Our car trip around the South continued on from western North Carolina to the eastern part of the state–to the farm of our friends, the Browns. Heather and Craig Brown (and especially their kids) were good friends of ours when we all lived in Utah.
They have since moved to North Carolina and traded their subdivision split-level for a gorgeous, sprawling farm. Way back when I was first getting the itch for livestock, I convinced Heather to get some baby chicks from the local farm store with me. We each got three. Now Heather has over a hundred and I have none. The kids spent hours playing with the chickens and I think it might be time to sneak some into our neighborhood.
Heather was a lovely hostess and insisted I just chill out while we visited. So nice, considering all the cooking and stuff I’m normally swamped with. In addition to all their chickens, the Browns also have a dairy calf, three goats, a dozen yaks, six dogs and a horse. Quite the menagerie. In case you’re wondering about the yaks, yak meat is the healthiest meat there is; even more Omega acids than salmon. They’re not terribly friendly but that’s ok. The goats make up for it.
The Browns had a rooster that had escaped the most recent round of chicken slaughter. One of their children had taken pity on him and set him free at the last minute. The rooster was a terrible bully and crowed his head off all the cotton-pickin’ day long, so my boys volunteered to butcher him. None of us have ever killed anything (except an assortment of goldfish), but we are eager learners in regards to all things homesteadish.
The boys flipped a coin and York won the opportunity to slit the rooster’s throat. Here’s an interesting tidbit: if you plan on killing a chicken (usually it’s roosters, they have more meat and are pretty much worthless; the hens being the ones who lay the eggs) you have to keep it from eating for twelve hours before its death, otherwise there will be food all over in its digestive tract–meaning lots of yuck. So the boys caught the wiley rooster and put it in a cage. Unfortunatly the cage was right outside my bedroom window. I did not realize this until 4:45 the next morning when that rotten monster started crowing. Since roosters keep going all morning, I knew something must be done. The Browns are late sleepers, despite being farmers, and their bedrooms were on the other side of the house anyway. They couldn’t hear it.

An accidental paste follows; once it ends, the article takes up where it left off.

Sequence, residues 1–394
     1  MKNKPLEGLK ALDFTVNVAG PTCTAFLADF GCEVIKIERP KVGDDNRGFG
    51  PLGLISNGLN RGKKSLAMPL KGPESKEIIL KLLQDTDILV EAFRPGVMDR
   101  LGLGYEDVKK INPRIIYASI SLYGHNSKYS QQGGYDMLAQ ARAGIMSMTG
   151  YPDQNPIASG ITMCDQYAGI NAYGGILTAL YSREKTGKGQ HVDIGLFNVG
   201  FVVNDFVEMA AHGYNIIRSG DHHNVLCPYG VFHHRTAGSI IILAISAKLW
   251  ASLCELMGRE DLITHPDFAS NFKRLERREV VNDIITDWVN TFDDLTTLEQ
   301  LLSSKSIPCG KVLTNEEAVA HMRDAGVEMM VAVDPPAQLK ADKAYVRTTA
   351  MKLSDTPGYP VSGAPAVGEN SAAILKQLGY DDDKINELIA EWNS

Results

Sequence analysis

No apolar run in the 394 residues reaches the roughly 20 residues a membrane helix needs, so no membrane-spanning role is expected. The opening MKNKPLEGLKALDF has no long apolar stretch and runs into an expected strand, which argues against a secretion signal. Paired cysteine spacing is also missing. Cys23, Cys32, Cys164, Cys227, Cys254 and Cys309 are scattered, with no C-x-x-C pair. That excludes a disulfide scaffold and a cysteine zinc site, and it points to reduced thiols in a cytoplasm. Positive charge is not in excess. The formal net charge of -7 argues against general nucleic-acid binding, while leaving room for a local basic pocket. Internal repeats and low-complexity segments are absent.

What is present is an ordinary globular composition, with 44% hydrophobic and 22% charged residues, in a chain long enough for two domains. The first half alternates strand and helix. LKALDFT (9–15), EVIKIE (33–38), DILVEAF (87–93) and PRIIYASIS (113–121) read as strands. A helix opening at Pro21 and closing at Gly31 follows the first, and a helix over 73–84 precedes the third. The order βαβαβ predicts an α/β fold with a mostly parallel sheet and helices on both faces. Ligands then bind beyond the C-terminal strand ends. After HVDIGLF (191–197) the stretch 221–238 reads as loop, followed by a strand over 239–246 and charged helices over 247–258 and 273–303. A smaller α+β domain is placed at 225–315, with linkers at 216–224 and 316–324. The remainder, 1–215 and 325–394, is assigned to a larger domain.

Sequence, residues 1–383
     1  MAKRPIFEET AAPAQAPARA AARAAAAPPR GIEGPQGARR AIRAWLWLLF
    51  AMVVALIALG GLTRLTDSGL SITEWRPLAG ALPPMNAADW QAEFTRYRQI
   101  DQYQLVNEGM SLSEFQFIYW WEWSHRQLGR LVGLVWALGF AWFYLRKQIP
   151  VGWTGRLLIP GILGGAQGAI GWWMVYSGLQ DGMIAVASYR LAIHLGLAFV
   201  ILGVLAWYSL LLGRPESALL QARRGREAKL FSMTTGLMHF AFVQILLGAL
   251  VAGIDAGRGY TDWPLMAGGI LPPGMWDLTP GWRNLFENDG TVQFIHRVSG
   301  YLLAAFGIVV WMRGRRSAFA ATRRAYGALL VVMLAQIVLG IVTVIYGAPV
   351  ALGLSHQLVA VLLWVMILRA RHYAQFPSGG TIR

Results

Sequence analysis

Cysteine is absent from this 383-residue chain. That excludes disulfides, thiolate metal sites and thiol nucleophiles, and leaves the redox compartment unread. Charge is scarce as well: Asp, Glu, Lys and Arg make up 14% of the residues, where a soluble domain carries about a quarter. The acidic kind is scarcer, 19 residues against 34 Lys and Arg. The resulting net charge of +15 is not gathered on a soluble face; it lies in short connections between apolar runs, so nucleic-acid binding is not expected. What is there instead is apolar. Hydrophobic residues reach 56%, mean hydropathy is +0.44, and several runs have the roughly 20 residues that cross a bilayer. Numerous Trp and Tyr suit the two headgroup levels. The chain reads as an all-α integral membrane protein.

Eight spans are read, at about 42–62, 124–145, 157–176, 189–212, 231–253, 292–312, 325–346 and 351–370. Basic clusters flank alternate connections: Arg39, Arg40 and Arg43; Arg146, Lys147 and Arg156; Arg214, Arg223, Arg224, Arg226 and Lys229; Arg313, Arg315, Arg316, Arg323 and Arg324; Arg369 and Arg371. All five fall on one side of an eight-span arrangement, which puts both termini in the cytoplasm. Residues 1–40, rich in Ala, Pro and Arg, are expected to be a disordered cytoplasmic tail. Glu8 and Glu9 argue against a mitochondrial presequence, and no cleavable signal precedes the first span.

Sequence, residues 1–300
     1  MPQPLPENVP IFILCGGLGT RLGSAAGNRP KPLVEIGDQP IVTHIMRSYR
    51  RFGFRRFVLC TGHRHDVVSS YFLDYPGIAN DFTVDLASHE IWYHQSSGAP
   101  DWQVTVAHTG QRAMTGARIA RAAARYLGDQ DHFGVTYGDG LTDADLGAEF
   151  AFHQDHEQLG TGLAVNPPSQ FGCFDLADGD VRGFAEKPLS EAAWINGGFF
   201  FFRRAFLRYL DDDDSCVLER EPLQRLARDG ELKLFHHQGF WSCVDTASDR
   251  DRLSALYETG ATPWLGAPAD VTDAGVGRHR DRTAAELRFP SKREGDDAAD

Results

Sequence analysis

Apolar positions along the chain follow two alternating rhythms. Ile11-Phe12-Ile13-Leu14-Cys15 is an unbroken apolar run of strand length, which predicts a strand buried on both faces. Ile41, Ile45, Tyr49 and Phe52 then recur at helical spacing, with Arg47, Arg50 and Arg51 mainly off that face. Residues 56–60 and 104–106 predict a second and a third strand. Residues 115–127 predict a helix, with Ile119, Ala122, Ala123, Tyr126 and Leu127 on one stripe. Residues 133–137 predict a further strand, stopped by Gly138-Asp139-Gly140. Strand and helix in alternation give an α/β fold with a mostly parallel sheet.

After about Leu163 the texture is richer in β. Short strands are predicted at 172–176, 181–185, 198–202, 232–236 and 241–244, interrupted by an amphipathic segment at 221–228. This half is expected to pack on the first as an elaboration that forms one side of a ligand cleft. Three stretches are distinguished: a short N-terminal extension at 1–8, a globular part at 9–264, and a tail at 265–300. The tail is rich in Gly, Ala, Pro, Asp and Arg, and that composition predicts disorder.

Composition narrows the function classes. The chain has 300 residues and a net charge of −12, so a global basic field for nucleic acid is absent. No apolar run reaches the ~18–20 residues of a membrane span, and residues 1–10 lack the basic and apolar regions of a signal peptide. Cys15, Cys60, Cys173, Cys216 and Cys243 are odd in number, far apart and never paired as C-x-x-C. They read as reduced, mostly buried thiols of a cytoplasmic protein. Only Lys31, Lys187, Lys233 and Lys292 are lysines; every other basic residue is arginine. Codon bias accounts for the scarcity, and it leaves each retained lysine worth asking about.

So I threw on my shoes, went outside amidst all the dogs, excited to see somebody up so early, and grabbed the huge unwieldy cage. I thought of ripping the rooster’s head off out of spite, but the boys would have been disappointed. Where could I put this dreadful thing where I wouldn’t hear it anymore??? I came up with the perfect solution: into my minivan he went, cage and all. I went back to bed in blissful peace for three more hours. When I woke up, I took the rooster out of my car and put his cage back in the yard. Perfect. And guess who wasn’t the slightest bit sad to see that rooster meet his maker later that afternoon?
The rooster death later that day was not at all as bloody and gory as I anticipated. It was quite civilized, although I left the gross parts to York and Finn. Craig and Lillie were excellent chicken-killing teachers.
The best way to kill a chicken is to put it upside-down in a cone so that its head hangs out of the bottom. Chickens become completely mellow when they’re hung upside-down so you don’t have to worry about the whole “running around like a chicken with its head cut off” scenario. Then you slit its throat and let the blood drain into a bucket underneath. The cone we used was improvised out of a box and nailed to a tree. Very hillbilly-esque.
The head of the chicken is finally cut off and the bird gets swirled in some boiling hot water for a minute or two. This loosens the feathers. Plucking the chicken is slightly creepy and odd. Plus wet feathers stick to everything. It wasn’t my favorite thing to do but I wasn’t about to act all squeamish and sissified.
The boys finished taking out the rooster’s entrails and all that weird stuff. They loved it.
The only thing I got to do was to scrape its lungs out with my fingernails, which was as fun as it sounds. Jasper spent the rest of the day playing with the rooster’s feet. In other words, more time than he spent playing with his birthday presents.
We all had so much fun with the Browns, although it was quite a shock living in the Country. There wasn’t so much as a convenience store within 15 minutes. And church was 40 minutes each way. But when you look out on the rolling green hills, dotted with animals; the lovely little pond and lightning bugs flying all over the place at dusk, it’s hard not to mind being in Nowheresville.
4 thoughts on “Confederate Car Trip, pt. 2”
Oh my gosh. This sounds awesome.
What funny, FUNNY pictures! Your car with a couple of goats on the hood, Jasper dimpled and delighted with the rooster feet, and Finn with the biggest grin I ever saw on him as he holds up the intestines for display! (Also a tan line where he was not wearing his inevitable watch!) In that one picture, Finn looks like an OBGYN intently examining a patient. HAHAHAHA! That yak is amazing! How ever do they butcher it?
We presume you got to eat that TRULY free-range chicken. Did it taste significantly different?
I’m so fascinated with the chicken thing. Your kids look like they fit right in with the country life!